John Locke

Keyboard player with Spirit

Tuesday 15 August 2006 00:00

John Tilden Locke, keyboard player and songwriter: born Los Angeles 25 September 1943; (one son); died Ojai, California 4 August 2006.

Coming out of a Los Angeles scene which had already produced the Byrds, Love and the Doors, Spirit were one of the most original groups of the late Sixties and early Seventies. Mixing rock, pop, Latin, jazz and classical influences, they came to embody a certain freedom and attitude typical of the hippie era.

Their eponymous début made the US album charts in 1968 and the following year, "I Got a Line On You", a catchy, harmony-heavy rock song composed by their guitarist and vocalist Randy California and featuring trademark piano flourishes by John Locke, became a Top Thirty hit for the five-piece group, which also comprised the singer Jay Ferguson, the bassist Mark Andes and the drummer Ed Cassidy.

But the title of their landmark album The Family That Plays Together, also issued in 1969, proved a misnomer since the group couldn't accommodate the creativity of all its members. Indeed, following the release of Clear (1969) and The Twelve Dreams of Dr Sardonicus (1970), their fourth album which eventually went on to sell half a million copies and has become something of a cult classic, with songs like "Animal Zoo", "Mr Skin" and the prescient "Nature's Way", the original line-up split. "Of all of us, John Locke was best at being the diplomat and peacemaker," Ferguson recalled.

California went solo, Ferguson and Andes formed Jo Jo Gunne, and Cassidy and Locke briefly led a new Spirit, recording the album Feedback (1972) with Al and Chris Staehely (on bass and guitar respectively). When Cassidy and Locke in turn left, the Staehely brothers then fronted an incarnation of Spirit which did not feature a single founder member. California subsequently took on the Spirit mantle, in partnership with Cassidy, and Locke contributed to the album Farther Along in 1976.

In August that year, the original personnel reunited at the Santa Monica Civic for a concert at which an inebriated Neil Young put in a guest appearance for a version of Bob Dylan's "Like a Rolling Stone" but was nearly thrown off stage by California. "We all walked off one by one," said Ferguson. "I'd been thinking that it might all come back together but, nope, the craziness was all back as well. Poor John was heartbroken."

Locke vowed never to work with California again. In the early Eighties, he toured and recorded with the Scottish rock band Nazareth. However, in 1984, he rejoined the other founder members of Spirit to record The Thirteenth Dream. He subsequently guested on California's solo album Euro-American (1982) and also played on the Spirit album Rapture in the Chambers (1989), as well as occasionally touring with the group.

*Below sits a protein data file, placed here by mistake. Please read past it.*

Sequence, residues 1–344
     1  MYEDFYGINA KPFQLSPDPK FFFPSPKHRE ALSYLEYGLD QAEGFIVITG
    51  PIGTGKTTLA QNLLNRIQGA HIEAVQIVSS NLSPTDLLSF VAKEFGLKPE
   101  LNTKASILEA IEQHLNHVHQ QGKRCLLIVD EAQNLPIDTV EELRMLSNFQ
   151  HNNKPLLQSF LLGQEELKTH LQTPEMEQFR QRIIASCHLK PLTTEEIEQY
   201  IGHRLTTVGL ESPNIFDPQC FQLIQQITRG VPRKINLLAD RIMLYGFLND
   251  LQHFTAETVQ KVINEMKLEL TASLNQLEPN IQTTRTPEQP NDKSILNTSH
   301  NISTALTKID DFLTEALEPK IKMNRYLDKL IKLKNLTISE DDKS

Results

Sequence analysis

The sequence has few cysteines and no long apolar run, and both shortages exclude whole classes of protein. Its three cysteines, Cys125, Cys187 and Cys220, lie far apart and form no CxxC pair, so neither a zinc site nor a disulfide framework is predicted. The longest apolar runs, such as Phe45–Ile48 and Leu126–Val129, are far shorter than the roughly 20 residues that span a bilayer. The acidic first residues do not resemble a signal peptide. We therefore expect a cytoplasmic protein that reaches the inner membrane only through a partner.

Born in Los Angeles in 1943, John Locke was classically trained as a pianist by his mother. As a teenager, he briefly played in a group with Robbie Krieger, the guitarist who subsequently joined the Doors. Through his involvement with the New Jazz Trio led by Ed Cassidy, a tall, shaven-headed, 35-year-old drummer who cut a distinctive figure on the Los Angeles scene, Locke discovered the underground scene of the Ash Grove and the Whisky A Go Go. By April 1967, Cassidy was concentrating on the band the Red Roosters with the guitarist Randy California, his 16-year-old stepson, who had met and played with Jimi Hendrix in New York the previous year.

The new outfit evolved into Spirits Rebellious, a name inspired by the 1948 book written by Khalil Gibran, a favourite of the flower-power generation. They auditioned for the record producer Lou Adler who shortened their name to Spirit and signed the group to a four-album deal with Ode, his new record label. Adler produced their début, Spirit, which included "Elijah", a 10-minute piece by Locke.

Locke's piano playing and compositional skills came into their own when Spirit were asked to score and appear in The Model Shop (1969), a film directed by the French director Jacques Demy. Demy wanted to capture the aftermath of the Summer of Love on film but didn't speak any English, while the group's French was non-existent. The film, starring Anouk Aimée, had a fraught production and much of Spirit's soundtrack remained unused.

Following the inclusion of several unreleased tracks from the film on Time Circle (1968-1972), the double-CD anthology issued in 1991, Spirit fans began asking for the full soundtrack album. The Model Shop eventually appeared last year on the Sundazed label, enabling fans to enjoy Locke's ethereal, jazzy piano playing and atmospheric contributions to the score.

In 1997, Randy California was drowned while swimming off Hawaii. In recent years, Locke had been leading a quiet life in Ojai, a small town in California, where he ran a recording studio.

Pierre Perrone

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